Abstract: We build an equilibrium model of a small open economy with labor market frictions and imperfectly enforced regulations. Heterogeneous firms sort into the formal or informal sector. We estimate the model using data from Brazil, and use counterfactual simulations to understand how trade affects economic outcomes in the presence of informality. We show that: (1) Trade openness unambiguously decreases informality in the tradable sector, but has ambiguous effects on aggregate informality. (2) The productivity gains from trade are understated when the informal sector is omitted. (3) Trade openness results in large welfare gains even when informality is repressed. (4) Repressing informality increases productivity, but at the expense of employment and welfare. (5) The effects of trade on wage inequality are reversed when the informal sector is incorporated in the analysis. (6) The informal sector works as an "unemployment," but not a "welfare buffer" in the event of negative economic shocks.
    Keywords: regulations, trade, informality, labor market frictions
    JEL: F14 F16 J46 O17
    Date: 2021–01
    URL: http://d.repec.org/n?u=RePEc:iza:izadps:dp14060&r=all
  4. By: Roxana Maurizio; Ana Paula Monsalvo
    Abstract: The aim of this paper is to identify the scope and patterns of the structural transformation as evidenced by changes in occupations and their task content, and their impact on employment, earnings and income distribution in Argentina during the new millennium. Results show that the changes in jobs did not follow the same pattern as those in earnings. In particular, earnings grew but employment shares fell in low-paying occupations.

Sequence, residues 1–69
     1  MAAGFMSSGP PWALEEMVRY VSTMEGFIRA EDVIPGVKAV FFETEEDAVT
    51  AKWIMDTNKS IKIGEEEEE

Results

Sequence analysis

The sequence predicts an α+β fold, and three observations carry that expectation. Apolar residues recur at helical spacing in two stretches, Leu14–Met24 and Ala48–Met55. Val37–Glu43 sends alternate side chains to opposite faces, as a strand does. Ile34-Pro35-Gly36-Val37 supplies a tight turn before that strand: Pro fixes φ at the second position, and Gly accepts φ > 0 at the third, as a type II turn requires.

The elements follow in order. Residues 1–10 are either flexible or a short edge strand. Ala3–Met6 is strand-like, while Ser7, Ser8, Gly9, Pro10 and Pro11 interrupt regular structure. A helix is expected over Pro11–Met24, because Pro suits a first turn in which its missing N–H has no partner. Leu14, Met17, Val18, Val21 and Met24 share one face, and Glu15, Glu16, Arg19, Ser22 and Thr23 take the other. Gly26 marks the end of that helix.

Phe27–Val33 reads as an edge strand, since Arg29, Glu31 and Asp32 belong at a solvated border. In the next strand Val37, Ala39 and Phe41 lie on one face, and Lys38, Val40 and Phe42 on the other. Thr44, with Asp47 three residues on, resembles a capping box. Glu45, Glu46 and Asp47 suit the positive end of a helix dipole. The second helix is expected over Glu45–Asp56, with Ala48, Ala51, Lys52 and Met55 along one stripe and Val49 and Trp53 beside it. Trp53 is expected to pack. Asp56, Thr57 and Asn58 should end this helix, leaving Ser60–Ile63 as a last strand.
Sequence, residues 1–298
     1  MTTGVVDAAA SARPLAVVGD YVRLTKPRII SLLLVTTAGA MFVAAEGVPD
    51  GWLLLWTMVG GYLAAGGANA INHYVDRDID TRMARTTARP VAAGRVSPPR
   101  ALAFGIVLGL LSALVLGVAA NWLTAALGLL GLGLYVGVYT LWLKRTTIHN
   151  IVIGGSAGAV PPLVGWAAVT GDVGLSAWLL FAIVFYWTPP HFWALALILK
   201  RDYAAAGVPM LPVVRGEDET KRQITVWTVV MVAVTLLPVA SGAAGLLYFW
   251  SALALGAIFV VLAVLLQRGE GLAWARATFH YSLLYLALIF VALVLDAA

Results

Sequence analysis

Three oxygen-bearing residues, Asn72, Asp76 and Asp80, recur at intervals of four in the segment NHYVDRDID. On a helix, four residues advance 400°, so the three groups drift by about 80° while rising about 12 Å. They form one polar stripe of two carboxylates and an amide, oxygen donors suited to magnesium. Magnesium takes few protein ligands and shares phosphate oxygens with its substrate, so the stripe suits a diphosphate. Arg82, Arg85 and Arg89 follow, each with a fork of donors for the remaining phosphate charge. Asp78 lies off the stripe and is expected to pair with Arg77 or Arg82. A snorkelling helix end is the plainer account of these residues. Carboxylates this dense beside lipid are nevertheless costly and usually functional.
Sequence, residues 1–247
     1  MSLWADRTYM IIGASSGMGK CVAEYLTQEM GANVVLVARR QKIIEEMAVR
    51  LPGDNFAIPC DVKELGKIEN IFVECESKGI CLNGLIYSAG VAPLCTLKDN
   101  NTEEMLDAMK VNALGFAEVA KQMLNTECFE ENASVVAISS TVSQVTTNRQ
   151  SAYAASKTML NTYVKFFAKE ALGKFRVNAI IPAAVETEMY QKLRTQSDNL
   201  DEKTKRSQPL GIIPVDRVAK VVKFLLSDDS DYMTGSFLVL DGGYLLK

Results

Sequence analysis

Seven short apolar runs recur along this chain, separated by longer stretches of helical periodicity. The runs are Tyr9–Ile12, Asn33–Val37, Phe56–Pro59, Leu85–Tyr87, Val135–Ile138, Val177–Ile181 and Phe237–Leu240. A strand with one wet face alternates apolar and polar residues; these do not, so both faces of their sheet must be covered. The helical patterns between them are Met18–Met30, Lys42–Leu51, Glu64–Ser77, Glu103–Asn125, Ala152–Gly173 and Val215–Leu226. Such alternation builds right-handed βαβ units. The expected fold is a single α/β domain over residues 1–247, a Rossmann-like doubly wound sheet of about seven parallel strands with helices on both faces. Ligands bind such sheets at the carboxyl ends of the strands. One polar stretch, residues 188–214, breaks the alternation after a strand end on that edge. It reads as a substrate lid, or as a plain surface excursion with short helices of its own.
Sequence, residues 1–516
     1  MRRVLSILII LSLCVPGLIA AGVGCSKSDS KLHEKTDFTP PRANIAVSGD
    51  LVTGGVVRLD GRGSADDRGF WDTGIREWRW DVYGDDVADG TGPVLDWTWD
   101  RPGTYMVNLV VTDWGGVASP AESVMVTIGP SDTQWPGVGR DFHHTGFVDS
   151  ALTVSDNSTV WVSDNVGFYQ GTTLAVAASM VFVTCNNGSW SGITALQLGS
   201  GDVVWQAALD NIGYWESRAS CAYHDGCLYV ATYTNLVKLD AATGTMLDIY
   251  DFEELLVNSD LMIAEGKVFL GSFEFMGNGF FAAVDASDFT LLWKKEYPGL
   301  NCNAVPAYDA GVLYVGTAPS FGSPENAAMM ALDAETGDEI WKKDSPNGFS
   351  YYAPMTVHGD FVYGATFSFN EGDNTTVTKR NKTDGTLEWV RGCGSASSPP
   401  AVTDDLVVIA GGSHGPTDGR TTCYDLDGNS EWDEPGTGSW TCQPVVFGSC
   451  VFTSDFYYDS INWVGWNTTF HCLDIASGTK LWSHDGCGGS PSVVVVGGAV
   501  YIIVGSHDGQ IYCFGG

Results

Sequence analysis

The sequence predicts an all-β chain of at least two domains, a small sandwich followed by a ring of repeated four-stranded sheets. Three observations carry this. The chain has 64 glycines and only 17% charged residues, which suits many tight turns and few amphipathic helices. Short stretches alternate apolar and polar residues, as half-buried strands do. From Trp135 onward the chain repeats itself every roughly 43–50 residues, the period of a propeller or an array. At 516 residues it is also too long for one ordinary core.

Keywords: Skills, Tasks, Polarization, Inequality, Argentina
    Date: 2021
    URL: http://d.repec.org/n?u=RePEc:unu:wpaper:wp-2021-15&r=all
  5. By: Riccardo Turati (IRES/LIDAM, UCLouvain; Departament d'Economia Aplicada, Universitat Autonoma de Barcelona)
    Abstract: This paper empirically investigates whether aspiring emigrants from nineteen Latin American countries to the United States hold a different set of cultural traits compared to stayers. Using Gallup World Poll data and proxy on individual pro social behaviors and political attitudes towards the president of the United States, we observe that aspiring migrants share more pro social behaviors and support more the U.S. political leader than stayers. We find that already existing migration network reduces cultural selection on social behaviors, which holds mainly among the young and less educated population, and in less developed countries. The paper shows that such cultural self-selection is unlikely to affect the distribution of cultural traits in the origin countries, avoiding potential negative effects for Latin American countries. If any, culturally selected immigrants should have a beneficial effect to the United States
    Keywords: International migration, migration intentions, self-selection, cultural traits, Latin America region
    Date: 2021–01
    URL: http://d.repec.org/n?u=RePEc:uab:wprdea:wpdea2101&r=all

This nep-lam issue is ©2021 by Maximo Rossi. It is provided as is without any express or implied warranty. It may be freely redistributed in whole or in part for any purpose. If distributed in part, please include this notice.
General information on the NEP project can be found at http://nep.repec.org. For comments please write to the director of NEP, Marco Novarese at <director@nep.repec.org>. Put “NEP” in the subject, otherwise your mail may be rejected.
NEP’s infrastructure is sponsored by the School of Economics and Finance of Massey University in New Zealand.